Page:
Kristen R. 11-12 said...

To answer the first question, I agree with Brad. I also think that one's personal beliefs should come before nationalism. Obviously it is undoubtedly very important to have loyalty and admiration for one's own country; however if a problem arises in another country that violates something that a person strongly believes in, I think that it is the person's duty to his or herself to first and foremost stand up for his or her beliefs. If one is not loyal to his or her own beliefs, why should that be any different than being disloyal to one's country? Additionally, I do not think that it would be disloyal for one to fight for a cause in another country as long as the conflict would not interfere with one's home country. Also, the question wasn't choosing between fighting for one's own country or fighting for another country at the same exact moment in time but rather the question was just would you be willing to fight for another country in order to stand up for your beliefs, and I believe that it is necessary to do so.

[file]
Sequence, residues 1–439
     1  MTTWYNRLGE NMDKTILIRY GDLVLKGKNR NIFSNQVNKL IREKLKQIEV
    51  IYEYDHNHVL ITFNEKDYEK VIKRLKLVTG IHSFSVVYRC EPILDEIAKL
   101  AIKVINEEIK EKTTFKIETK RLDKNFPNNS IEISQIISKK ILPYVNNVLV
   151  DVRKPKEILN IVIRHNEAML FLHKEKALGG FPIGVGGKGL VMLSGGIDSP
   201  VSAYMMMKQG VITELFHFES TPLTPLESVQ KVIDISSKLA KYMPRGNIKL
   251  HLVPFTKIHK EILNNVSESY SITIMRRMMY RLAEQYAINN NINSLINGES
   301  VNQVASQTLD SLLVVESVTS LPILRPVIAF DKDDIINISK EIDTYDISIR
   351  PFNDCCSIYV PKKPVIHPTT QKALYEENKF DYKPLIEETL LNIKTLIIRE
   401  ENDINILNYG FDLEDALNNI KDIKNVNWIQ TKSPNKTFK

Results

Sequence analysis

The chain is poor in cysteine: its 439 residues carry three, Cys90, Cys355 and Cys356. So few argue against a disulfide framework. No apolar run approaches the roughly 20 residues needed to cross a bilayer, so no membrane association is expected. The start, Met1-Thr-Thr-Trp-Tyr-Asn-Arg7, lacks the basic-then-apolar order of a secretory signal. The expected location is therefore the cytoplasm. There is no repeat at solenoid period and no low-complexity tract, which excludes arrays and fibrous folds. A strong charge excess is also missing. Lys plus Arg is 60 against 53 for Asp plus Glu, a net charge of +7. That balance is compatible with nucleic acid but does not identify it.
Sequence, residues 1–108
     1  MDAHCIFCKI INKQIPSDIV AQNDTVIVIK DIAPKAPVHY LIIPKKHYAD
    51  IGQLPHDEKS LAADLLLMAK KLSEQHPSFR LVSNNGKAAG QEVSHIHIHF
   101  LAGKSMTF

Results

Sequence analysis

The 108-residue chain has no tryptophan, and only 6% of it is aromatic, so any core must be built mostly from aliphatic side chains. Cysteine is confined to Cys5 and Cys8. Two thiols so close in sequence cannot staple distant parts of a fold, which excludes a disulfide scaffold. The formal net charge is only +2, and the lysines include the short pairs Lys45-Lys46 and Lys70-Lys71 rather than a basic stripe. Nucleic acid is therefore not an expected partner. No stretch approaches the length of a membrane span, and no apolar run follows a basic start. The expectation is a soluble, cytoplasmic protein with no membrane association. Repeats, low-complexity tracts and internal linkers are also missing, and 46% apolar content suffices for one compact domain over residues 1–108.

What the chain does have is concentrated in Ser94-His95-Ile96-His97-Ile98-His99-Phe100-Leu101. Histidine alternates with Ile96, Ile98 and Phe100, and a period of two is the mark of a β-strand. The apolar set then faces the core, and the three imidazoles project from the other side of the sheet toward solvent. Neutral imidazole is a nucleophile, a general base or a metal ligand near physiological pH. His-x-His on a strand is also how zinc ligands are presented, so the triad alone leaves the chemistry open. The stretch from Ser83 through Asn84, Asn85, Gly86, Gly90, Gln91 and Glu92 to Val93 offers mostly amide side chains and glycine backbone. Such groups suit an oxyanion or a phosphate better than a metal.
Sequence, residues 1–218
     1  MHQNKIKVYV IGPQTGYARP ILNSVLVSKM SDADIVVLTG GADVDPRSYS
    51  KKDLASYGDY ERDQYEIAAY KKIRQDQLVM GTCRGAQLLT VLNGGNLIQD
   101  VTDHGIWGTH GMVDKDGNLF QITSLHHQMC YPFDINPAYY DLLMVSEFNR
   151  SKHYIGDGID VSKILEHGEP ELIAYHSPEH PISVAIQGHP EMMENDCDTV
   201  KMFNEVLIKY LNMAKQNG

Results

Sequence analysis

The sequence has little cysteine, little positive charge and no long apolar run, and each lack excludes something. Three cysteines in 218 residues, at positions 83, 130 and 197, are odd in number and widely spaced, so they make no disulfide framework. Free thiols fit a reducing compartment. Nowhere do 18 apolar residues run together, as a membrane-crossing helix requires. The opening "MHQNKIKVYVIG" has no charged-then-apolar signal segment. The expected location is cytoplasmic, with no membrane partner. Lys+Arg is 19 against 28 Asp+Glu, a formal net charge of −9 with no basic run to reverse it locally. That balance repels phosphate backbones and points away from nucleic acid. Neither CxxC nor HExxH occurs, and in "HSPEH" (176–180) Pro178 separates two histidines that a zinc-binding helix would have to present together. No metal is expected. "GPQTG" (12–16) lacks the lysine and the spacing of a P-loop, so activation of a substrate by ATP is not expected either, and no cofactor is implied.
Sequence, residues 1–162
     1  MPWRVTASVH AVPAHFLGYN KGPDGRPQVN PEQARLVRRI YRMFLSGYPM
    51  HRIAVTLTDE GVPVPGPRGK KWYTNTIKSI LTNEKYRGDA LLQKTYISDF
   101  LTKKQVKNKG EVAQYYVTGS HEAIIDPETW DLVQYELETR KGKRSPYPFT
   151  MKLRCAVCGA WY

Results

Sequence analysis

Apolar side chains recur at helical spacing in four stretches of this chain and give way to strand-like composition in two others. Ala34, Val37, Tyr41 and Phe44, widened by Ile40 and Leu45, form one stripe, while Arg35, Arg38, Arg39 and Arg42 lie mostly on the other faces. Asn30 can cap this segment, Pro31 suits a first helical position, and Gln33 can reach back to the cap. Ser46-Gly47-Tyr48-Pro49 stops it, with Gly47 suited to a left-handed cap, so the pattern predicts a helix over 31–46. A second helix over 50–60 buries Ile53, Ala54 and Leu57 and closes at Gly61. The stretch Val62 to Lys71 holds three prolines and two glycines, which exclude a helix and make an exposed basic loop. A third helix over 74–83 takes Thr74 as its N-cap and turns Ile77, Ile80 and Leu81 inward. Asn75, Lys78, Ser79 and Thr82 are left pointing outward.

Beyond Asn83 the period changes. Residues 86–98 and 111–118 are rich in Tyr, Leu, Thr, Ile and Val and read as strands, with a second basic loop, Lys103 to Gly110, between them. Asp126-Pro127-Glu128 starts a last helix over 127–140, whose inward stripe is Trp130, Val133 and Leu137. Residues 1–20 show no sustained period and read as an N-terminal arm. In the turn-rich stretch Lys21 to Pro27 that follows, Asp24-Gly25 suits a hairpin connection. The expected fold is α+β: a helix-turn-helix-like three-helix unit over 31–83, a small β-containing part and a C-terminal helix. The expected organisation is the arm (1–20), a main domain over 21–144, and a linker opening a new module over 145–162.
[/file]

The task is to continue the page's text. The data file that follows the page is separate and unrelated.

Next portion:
James F (11-12) said...

1. i would never fight for another country for one main reason...i dont think the country i live in is worth fighting for. thats why i hate the fact that i had to sign up for the selective service.
2. no i would not go on a mission like this. unless of course it was a mission to save someone i loved or for like something else.

Kara K. 5/6 said...

1. I feel that whether it is ones country or not, they should try to get their beliefs across. If one country is affected by a person fighting for their beliefs, then maybe other countries will follow too.
2. It all depends on what situatin my life is in a the time. If I had a famiyl and kids at home I would prpbably not take on the chalenge. I would only go on the mission most likely if it ment saving the life of someone very close to me.

Jacob B 11-12 said...

I would have to disagree with you jimmy. If I felt strongly enough about something I would agree to a mission like his even if others told me I stand no chance

Sydney C.13-14 said...

1. I would consider fighting for another country other than my own if I strongly believed in their mission. However, I would never fight against my home country, so if this situation presented itself, I would not fight for either side.

Mrs. Sherwood said...

Graded

Jacob B 11-12 said...

Nope. You only got me once on here.